Connecting to Docker Engine and Its Management within Jelastic PaaS

| November 23, 2017

Nowadays, more and more developers abandon heavy and clumsy VMs in favor of the lightweight portable containers, preferring writing new-style cloud-native applications, provisioned as a set of microservices. Such an approach gives much more flexibility and provides a kind of unification, allowing to utilize and easily move between different cloud service providers.

Thus, following the common hosting market trends, today we’ll continue to explore specifics of the native Docker support within Jelastic PaaS, focusing on the Jelastic-adapted Docker Engine auto-installation solution we’ve started to explore the last time. Namely, this article will be devoted to the results you should expect upon choosing each of the offered deployment modes and the ways you could further manage your Engine instance through.docker engine


Modes for Docker Engine Auto-Installation

As you could already get to know from the previous article of the series, the Docker Engine CE by Jelastic could be delivered upon three different deployment modes you can choose among during the package installation preconfiguration. Docker Engine Auto-Installation

Below, we’ll consider each of them in details to help determining the most suitable solution for running such instance based on your specific needs and learn the most common steps to be performed after the creation.

Clean Docker Engine Server

If selecting the clean installation type, an empty Engine instance with just a Docker daemon being run inside (i.e. without any deployed application and/or other customizations) will be created. Herewith, continuing to follow the UI-focused appliсation deployment approach, the Platform lets to optionally supply this node with an embedded Portainer - a dedicated management GUI panel, which allows taking control of your Docker-based environments and particular instances through a comfortable web interface. docker native supportFor more advanced configurations, a set of dedicated docker CLI commands can be used, intended to be executed within a terminal window upon connecting to the required Engine node via Jelastic SSH Gate. The ways to establish the connection are described further down the article, whilst currently, let’s pay attention to the most essential and commonly used CLI operations:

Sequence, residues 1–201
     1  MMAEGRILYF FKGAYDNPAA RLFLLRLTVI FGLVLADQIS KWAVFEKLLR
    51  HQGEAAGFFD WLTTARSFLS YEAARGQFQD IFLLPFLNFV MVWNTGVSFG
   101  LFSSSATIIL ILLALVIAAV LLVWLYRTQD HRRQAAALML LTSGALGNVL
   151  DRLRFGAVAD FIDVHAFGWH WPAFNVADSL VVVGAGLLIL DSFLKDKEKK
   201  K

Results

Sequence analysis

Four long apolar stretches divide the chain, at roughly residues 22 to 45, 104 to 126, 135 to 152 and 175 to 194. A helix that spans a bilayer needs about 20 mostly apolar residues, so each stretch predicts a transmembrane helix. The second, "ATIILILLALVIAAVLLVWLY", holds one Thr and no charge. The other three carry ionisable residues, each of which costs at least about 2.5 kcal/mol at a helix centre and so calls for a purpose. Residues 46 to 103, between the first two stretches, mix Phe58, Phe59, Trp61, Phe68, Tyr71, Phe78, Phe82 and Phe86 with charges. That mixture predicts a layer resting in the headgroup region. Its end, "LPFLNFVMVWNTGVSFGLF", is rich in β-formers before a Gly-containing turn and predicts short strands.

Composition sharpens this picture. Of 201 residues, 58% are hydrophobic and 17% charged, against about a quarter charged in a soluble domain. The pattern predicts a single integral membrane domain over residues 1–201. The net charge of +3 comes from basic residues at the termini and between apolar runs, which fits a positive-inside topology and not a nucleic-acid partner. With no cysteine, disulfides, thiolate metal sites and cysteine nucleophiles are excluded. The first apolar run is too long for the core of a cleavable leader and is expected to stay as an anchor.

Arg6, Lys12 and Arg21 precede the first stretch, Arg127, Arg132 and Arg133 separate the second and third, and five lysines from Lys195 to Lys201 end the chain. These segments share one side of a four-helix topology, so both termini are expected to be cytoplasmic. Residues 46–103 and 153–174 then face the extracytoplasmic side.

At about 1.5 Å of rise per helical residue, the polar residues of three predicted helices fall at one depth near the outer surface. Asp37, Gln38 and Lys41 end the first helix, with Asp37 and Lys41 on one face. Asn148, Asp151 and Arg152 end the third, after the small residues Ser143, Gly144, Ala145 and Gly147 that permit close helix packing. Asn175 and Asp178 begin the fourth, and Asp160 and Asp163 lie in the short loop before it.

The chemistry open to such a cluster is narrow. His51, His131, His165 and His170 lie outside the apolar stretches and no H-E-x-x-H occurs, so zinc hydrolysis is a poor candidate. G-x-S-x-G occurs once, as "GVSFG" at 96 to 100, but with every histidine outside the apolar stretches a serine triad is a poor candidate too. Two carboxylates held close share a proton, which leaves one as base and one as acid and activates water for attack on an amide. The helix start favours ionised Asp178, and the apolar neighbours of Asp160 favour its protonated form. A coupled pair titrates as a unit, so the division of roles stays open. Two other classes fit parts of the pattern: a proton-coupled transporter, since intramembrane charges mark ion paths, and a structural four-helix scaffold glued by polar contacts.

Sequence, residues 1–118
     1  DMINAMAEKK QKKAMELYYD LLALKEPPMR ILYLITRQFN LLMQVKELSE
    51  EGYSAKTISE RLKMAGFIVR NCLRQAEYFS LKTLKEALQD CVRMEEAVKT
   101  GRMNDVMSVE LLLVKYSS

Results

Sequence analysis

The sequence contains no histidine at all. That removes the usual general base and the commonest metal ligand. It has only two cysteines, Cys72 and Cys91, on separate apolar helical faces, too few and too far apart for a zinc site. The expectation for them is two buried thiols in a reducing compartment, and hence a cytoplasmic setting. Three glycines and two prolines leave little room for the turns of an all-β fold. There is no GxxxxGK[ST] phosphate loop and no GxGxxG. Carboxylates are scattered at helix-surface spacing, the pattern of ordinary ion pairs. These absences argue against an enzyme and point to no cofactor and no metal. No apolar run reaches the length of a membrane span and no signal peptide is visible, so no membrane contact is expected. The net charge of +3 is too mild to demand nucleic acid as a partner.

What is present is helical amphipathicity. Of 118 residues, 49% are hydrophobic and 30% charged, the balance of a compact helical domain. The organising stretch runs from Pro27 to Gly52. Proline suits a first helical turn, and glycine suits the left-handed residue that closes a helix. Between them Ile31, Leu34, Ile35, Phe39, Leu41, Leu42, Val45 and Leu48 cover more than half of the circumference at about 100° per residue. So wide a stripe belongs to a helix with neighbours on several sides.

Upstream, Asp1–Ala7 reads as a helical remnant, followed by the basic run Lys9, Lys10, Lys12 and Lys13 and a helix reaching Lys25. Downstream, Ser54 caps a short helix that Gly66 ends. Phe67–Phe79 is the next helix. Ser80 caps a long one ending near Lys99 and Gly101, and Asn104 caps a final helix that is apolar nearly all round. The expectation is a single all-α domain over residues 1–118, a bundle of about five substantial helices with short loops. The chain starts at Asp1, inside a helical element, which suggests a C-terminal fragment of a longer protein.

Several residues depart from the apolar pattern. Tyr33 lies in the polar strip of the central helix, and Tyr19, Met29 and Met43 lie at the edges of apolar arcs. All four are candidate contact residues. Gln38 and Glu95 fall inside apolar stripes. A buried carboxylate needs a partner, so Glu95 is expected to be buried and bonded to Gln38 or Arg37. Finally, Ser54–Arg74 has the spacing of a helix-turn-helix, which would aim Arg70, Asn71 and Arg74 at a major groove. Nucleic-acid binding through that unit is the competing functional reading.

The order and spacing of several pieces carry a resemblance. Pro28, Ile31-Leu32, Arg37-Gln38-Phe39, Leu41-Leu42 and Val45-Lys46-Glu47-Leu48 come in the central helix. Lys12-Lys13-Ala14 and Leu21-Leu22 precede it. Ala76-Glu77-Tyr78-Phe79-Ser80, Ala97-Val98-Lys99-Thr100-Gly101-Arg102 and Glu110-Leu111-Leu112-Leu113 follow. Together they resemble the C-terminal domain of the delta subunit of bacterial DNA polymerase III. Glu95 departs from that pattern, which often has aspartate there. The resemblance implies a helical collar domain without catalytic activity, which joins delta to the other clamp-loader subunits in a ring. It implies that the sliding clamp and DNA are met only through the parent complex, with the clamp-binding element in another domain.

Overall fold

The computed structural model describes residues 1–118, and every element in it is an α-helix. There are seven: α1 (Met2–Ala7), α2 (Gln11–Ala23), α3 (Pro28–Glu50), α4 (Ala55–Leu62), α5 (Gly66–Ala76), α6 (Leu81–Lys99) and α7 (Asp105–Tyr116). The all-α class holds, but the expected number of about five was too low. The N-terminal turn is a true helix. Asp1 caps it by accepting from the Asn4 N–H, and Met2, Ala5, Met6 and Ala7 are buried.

• docker run - to start a container with some custom instructions (e.g. for adding or overriding the image defaults)
  • docker exec - to execute a command on a running container
  • docker-compose up - to create (or re-create, if already exist) and start service(s) inside containers based on the instructions, declared within the specified compose file

The full list of the appropriate commands, with their detailed descriptions and available options, can be found in the official Docker documentation.

Docker Engine Inclusion into Swarm Cluster

In case you have a Docker Swarm cluster running anywhere over the Internet, you can easily populate it with new members using the Docker Engine package. It allows to properly integrate the newly created instance to the already existing clustering solution with either Worker or Manager node role. Alongside with obvious management convenience, such cluster extendance approach represents a great opportunity to implement additional high availability and failover protection of your cluster through locating new instances at different hardware sets (environment regions or cloud providers).

To connect to a swarm, you need to find out Join Token of the target Docker Swarm and Host IP (an external address) of its Manager node to provide these values within the Engine installation frame. Herewith, the first one could be fetched by executing the appropriate command on your Swarm Manager node:

docker swarm join-token {node_type} swarm join tokenWithin this string, the {node_type} placeholder should be substituted with either worker or manager value - depending on the preferred role of the added instance.